NEW YORK (CBSNewYork) — Mayor Michael Bloomberg continues to take heat for comments he made on his radio show last week.
Bloomberg, upset by the reluctance of the United Federation of Teachers to come up with an evaluation system, mentioned the UFT and the National Rifle Association in the same breath when talking about organizations being controlled by a vocal minority.
“The point I was trying to make was just like any other special interest group, the leadership of this union is more extreme and more obstructionist than its members,” Bloomberg said on Monday.
On Friday, the mayor drew fire for the following remarks:
“There’s a small group in the union. That’s typical of an organization like that,” Bloomberg said. “It’s typical of Congress, it’s typical of unions, it’s typical of companies, I guess, where a small group really is carrying the ball and the others aren’t necessarily in agreement,” Bloomberg said. “The NRA’s another place where the membership if you do the polling the membership doesn’t agree with the leadership.”
Bloomberg stressed on Monday that he was making specific reference to the union and not the majority of teachers themselves.
“I’ve said many times that our teachers are great,” he said. “You know, I’ve never seen a union before that tries to denigrate the job that is members are doing. The members of this union have done a spectacular job in the last 11 years.”
The mayor said an evaluation system would highlight the “amazing” job that teachers have done to improve graduation rates, adding that a “handful of teachers” could use “remedial work,” while others “cannot be in front of our kids.”
“The whole idea here is to promote good teaching and when we try to work with the leadership of the union, it’s standing in the way of any kind of promoting great teaching and certainly it’s not working for the interests of our children,” Bloomberg said. “It’s working for interest of a handful of teachers.”
Criticism of the comments continued on Monday.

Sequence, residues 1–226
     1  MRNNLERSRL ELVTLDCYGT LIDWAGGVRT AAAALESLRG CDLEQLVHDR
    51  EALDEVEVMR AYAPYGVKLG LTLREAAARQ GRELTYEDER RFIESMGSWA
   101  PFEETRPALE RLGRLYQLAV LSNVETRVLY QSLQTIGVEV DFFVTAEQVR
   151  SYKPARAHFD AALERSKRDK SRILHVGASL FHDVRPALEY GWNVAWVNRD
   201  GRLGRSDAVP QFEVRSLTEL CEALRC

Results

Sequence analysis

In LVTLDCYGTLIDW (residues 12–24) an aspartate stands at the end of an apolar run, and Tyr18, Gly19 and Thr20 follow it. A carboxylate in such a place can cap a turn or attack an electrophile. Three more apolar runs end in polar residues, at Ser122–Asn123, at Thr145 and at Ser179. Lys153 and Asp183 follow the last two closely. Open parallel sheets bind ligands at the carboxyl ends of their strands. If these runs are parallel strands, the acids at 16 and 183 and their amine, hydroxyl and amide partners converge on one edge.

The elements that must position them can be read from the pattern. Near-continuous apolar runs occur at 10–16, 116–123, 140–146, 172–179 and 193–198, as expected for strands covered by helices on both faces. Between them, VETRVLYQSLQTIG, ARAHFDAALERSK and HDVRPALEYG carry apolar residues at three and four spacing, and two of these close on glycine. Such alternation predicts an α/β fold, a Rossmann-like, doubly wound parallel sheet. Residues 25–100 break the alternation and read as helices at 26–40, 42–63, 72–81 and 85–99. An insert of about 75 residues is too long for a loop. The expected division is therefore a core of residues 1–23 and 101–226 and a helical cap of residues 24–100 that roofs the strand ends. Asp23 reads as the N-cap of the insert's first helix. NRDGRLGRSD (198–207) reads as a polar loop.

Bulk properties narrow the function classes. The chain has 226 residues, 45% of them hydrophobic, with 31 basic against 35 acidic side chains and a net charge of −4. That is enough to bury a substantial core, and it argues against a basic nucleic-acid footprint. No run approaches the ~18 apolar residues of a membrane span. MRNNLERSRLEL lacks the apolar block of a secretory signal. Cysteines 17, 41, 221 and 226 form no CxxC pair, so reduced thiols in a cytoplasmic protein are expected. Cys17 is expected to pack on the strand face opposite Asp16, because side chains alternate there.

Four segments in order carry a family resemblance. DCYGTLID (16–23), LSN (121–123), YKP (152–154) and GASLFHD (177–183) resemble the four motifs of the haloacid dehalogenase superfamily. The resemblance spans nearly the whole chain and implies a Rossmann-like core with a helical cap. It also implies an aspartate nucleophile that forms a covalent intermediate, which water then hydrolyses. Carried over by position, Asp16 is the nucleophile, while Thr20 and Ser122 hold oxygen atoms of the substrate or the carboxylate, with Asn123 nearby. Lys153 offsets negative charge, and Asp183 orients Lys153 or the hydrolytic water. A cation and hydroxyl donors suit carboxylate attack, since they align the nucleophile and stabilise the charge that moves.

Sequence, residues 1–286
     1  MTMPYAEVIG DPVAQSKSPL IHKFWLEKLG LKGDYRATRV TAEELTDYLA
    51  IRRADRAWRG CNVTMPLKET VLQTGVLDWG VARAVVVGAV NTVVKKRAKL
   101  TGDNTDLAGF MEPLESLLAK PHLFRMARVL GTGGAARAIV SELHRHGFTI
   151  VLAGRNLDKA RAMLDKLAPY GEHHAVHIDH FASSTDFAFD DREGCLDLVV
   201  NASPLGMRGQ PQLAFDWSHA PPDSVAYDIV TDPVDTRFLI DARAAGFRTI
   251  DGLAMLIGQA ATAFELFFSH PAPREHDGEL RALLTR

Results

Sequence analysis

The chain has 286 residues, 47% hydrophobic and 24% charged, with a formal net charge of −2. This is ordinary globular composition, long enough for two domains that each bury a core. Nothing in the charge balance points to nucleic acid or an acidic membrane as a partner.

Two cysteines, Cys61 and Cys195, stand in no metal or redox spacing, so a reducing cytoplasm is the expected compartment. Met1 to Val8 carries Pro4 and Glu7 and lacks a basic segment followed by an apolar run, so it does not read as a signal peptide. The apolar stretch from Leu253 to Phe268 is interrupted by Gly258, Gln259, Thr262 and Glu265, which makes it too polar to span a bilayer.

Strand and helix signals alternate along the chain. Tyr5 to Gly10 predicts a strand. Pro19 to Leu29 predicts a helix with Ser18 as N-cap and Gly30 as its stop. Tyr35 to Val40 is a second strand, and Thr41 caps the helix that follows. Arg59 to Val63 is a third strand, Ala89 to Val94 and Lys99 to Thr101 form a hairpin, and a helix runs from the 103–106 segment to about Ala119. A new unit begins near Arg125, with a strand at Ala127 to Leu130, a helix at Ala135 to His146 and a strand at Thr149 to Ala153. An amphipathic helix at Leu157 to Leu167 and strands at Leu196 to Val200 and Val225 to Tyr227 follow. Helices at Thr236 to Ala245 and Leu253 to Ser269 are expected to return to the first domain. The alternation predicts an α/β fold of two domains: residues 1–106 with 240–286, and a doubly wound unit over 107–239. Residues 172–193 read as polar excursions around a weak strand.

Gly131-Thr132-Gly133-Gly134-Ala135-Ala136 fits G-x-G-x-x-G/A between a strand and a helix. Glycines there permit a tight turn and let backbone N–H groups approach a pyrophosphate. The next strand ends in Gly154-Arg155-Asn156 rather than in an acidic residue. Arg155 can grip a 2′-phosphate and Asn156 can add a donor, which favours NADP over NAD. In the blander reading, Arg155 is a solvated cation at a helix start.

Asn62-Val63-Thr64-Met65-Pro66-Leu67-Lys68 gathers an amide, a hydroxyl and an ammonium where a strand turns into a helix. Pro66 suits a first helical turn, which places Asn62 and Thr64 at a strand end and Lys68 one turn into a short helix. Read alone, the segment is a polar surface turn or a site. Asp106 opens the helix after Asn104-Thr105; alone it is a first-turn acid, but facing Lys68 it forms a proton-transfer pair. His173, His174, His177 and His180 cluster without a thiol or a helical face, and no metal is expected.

National UFT President Randi Weingarten said the comparison in the wake of the Newtown elementary school shootings is disgusting.
“By comparing the NRA and the UFT, it cheapens [Mayor Bloomberg's] advocacy about gun control at a time when we need his advocacy to be sharp,” Weingarten said.
“I want to be very clear. I think that what the mayor said about the UFT and the NRA is something that should never have been said. I couldn’t disagree more strongly with the mayor,” said City Council Speaker Christine Quinn, who is considered to be the front-runner in the mayoral race though she has not formally announced her candidacy.
In response to the mayor’s comments, Quinn and more than 60 local leaders signed a letter released Sunday, which said, “Such an offensive comparison not only vilifies New York City teachers, but also mocks the work they do.”
The letter goes on to say the remarks “show astonishingly poor judgment, and are unworthy of you, your position and your record.”
The signatures on the letter also included Manhattan Borough President Scott Stringer, Public Advocate Bill de Blasio, and Comptroller John Liu.
“It is a comment and a sentiment that should not have been expressed and should not have in any way, shape or form be part of this important and complicated debate about teacher evaluation and I was proud to sign onto the letter,” Quinn said.
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